Men Who Fought with Wirt Adams
at Soldiers' Rest
C. S. A. Cemetery, Vicksburg, Mississippi

Not Forgotten



Other scenes near Soldiers' Rest in Cedar Hill Cemetery




John M. Bratton
Co. I
Wirt Adams Reg


See also

in Veterans section
Robert R. Hanna


Read the service record of Wirt Adams



About Wirt Adams

Wirt Adams was born in Frankford, Kentucky, on March 22, 1819. In 1825, he and his family moved to Natchez, Mississippi. Later, he returned to Kentucky to attend school at Bardstown college. When he graduated from college in 1839, he enlisted as a private in the Army of the Republic of Texas. After the Texas revolution, he returned to Mississippi, where he lived in Jackson and Vicksburg. He pursued banking, farming, and served in the Mississippi House of Representatives. After Mississippi seceded from the Union, Adams acted as a commissioner to Louisiana and assisted them in leaving the Union. When Jefferson Davis was forming his cabinet, he offered a post to Adams who turned down the offer. After he settled his business interests, he formed the Wirt Adams Cavalry Regiment. He and his men joined General Johnston in the Kentucky line where they covered the Confederate retreat from Kentucky to Nashville. His men were engaged at Shiloh, campaigns in northern Mississippi, and were dispatched to Natchez area where he was engaged in observing troop movements during the Vicksburg campaign. During Grierson's raid, he tangled with the Yankee raiders and joined Johnston's Army of Relief. After the fall of Vicksburg, he was promoted to Brigadier General in command of a brigade. This regiment then harassed Sherman's Yankee invaders as they marched to Meridian. Near the end of the war, he operated with General Forrest and surrendered near Ramsey Station, Alabama. After the war, he returned to Vicksburg and Jackson area where he served as State revenue agent and postmaster.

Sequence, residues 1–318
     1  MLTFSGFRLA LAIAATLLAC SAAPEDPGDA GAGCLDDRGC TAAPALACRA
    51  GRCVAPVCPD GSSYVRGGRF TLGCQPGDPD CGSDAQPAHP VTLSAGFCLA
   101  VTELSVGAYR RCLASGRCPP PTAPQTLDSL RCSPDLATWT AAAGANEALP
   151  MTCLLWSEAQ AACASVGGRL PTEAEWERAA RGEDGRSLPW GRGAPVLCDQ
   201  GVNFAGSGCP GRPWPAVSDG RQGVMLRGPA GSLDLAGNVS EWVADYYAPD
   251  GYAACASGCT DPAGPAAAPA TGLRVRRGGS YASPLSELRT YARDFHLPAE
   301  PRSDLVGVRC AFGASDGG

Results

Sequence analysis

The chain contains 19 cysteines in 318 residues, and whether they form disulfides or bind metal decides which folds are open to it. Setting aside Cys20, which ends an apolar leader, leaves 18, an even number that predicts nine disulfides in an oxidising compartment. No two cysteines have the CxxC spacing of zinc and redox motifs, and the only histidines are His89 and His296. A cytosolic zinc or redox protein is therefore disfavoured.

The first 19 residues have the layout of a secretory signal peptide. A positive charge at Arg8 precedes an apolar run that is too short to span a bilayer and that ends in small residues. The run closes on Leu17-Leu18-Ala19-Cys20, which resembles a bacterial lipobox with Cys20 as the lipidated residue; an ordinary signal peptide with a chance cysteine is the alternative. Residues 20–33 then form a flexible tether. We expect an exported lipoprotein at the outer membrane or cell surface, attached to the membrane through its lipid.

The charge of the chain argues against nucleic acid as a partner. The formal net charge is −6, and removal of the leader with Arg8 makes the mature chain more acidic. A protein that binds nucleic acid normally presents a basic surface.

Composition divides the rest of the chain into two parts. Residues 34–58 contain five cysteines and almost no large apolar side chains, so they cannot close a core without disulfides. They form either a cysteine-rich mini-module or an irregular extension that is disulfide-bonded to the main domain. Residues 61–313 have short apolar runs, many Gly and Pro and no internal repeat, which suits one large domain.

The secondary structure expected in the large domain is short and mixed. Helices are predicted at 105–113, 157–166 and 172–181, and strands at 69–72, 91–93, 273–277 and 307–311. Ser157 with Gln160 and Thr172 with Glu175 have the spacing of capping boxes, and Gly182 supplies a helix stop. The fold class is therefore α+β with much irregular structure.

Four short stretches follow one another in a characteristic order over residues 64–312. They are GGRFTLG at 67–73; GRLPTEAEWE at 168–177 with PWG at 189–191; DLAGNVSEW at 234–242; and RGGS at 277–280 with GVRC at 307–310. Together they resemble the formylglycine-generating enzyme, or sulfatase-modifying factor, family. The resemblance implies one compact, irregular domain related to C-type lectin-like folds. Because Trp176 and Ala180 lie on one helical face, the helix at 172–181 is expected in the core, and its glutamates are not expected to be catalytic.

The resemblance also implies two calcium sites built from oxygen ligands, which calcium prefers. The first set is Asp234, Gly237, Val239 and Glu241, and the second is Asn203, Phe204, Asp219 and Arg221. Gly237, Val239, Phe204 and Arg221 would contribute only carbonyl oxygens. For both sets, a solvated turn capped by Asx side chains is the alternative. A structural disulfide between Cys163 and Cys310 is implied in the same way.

He died on May 1, 1888, after a personal encounter with a journalist and is buried in Greenwood Cemetery in Jackson, Mississippi.

-- Contributed by Eddy Cresap



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